Best Way to Clean Carpet [3 Vital Steps]

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best way to clean carpet

Here’s our take on the best way to clean a carpet.

Employing the following methods in sequence on a regular basis can prolong the life of your carpet.


Running the vacuum cleaner over your carpetRunning the vacuum cleaner over your carpet’s high-traffic areas keeps the fibers fresh and clean. Carpets attract dust and dirt from foot traffic. Dust isn’t exactly friendly or attractive on a carpet.

You can also do a full house cleaning once a week. When vacuuming, here are a few things to keep in mind.

  • Make overlapping strokes with the vacuum to make sure you pick up everything.
  • Move slowly. If you move too quickly, the vacuum passes over the carpet without enough time to pick up dust. Try counting to three on each forward and backward stroke.
  • Set your cleaner to the proper height for your carpet. This may take some experimentation but go for a height that allows the cleaner to roll with only a little resistance.
  • Don’t neglect attachments. Those little brushes and hoses on your vacuum cleaner are invaluable for reaching places the main unit can’t.
  • Clean your bag and change your filter. If you let gunk build up in your vacuum, it won’t be as good at cleaning your carpet.

Stain Removal

removing stainVacuuming is good for getting up dust, but what if you’ve got stains on the carpet?

Here are a few tips on removing various kinds of stains.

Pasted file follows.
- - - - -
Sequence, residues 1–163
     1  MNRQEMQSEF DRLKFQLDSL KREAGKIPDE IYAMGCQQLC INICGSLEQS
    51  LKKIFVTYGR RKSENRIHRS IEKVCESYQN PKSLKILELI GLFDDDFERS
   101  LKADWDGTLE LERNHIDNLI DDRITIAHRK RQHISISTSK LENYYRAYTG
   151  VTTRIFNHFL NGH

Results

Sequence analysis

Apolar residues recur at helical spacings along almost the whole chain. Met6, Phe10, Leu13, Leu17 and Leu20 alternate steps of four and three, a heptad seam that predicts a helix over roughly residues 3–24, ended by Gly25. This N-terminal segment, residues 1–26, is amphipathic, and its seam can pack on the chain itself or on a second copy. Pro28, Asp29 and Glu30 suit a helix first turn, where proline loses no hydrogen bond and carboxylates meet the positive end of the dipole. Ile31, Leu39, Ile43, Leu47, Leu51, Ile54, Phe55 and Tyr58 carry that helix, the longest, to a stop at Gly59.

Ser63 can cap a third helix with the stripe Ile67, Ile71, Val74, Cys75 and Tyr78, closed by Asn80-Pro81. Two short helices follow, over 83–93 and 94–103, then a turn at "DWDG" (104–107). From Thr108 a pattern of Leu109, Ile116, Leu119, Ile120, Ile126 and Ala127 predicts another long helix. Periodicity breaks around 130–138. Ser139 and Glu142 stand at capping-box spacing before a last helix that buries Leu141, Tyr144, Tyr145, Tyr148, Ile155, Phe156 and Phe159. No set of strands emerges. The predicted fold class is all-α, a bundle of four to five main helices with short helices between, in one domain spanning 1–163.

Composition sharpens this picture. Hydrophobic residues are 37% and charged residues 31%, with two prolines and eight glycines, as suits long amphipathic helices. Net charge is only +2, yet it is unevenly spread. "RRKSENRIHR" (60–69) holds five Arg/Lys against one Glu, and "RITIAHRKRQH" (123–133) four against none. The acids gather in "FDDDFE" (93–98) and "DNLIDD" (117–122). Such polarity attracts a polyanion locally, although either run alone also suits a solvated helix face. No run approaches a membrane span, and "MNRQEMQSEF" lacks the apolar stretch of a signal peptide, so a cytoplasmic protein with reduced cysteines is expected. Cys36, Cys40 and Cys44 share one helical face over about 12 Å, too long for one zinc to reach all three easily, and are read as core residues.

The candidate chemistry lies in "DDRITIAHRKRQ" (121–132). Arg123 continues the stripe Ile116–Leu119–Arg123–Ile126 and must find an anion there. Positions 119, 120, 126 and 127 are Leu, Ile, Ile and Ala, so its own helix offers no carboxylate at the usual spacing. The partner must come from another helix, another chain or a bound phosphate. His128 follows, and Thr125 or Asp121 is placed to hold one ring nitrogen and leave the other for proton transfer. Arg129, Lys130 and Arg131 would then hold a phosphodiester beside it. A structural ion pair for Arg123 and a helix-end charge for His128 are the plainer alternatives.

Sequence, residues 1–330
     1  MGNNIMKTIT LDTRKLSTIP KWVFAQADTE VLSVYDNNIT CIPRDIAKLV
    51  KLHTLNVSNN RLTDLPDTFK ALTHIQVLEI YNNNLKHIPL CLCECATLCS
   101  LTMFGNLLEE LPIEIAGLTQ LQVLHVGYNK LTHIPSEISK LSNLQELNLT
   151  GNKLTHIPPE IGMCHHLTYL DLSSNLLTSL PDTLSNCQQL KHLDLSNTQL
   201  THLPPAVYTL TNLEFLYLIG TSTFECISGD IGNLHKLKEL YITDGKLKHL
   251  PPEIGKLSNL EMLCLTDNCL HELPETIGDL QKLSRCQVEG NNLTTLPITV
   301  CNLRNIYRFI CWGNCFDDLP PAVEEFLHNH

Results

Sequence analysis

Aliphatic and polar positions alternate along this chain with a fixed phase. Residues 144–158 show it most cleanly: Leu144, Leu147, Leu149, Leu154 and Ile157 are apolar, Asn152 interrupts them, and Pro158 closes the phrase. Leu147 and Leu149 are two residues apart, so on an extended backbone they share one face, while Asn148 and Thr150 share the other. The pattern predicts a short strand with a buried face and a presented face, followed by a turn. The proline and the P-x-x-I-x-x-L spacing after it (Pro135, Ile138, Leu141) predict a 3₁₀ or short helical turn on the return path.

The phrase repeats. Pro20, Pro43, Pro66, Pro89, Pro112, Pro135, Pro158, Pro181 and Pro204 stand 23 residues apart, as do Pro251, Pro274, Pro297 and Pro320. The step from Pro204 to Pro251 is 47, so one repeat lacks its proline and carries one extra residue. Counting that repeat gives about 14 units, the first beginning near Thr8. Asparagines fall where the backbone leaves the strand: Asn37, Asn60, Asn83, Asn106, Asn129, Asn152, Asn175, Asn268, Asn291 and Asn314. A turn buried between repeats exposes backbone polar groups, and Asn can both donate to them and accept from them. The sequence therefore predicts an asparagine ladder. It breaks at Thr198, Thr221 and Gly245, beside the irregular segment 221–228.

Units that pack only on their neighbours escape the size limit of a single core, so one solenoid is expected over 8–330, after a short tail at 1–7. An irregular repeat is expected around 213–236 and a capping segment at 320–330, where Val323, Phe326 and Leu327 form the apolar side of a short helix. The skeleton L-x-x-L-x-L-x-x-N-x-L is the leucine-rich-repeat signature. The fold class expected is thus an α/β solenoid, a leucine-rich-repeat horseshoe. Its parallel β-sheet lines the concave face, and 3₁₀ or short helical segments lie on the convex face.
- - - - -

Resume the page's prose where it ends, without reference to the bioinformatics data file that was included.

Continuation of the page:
First, you need to know what you’re dealing with. Also, you’ll be applying various chemicals to your carpet that could damage the color if your carpet isn’t colorfast.

Test it out first in a secluded area.

Blood: Use a steel wool pad or brush (with rubber gloves to prevent contamination) and gently scrub at the stain if it’s dried to loosen it from the carpet. Use a solution of two cups of cold water and one teaspoon of dish detergent, dip a cloth in it, and blot at the solution from the outside in. You can also use salt, baking soda, or hydrogen peroxide to clean up blood.

Urine: Use an enzyme-based cleaner like Nature’s Miracle. Get as much of the stain up with a cloth as you can, then spray the remainder and allow the chemicals to do their work. After about half an hour, you should be able to scrub up the rest. This method can also clean up vomit and feces.

Ink: Depending on what kind of ink, you can use dishwashing liquid, hydrogen peroxide, or rubbing alcohol to remove an ink stain. As with other stains, work from the outside in.

Grass: Sweep or vacuum up any soil or other pesky matter that may have crept in along with the stain. Create a mixture of laundry detergent and cold water. Dip a clean cloth into it and dab at the stain until it completely transfers. If this doesn’t work, try ammonia after making sure the area is well-ventilated.

In the case of pet stains, you need an enzyme-based cleaner to break down the stain completely and remove it. Otherwise, a faint lingering scent might entice the pet to use the same spot again.

Vinegar For All Purpose Stains

vinegar for stainsVinegar is great at removing a wide variety of stains from the carpet. The acidity in vinegar allows it break up most kinds of stains ranging from light juice and soda to red wine and coffee.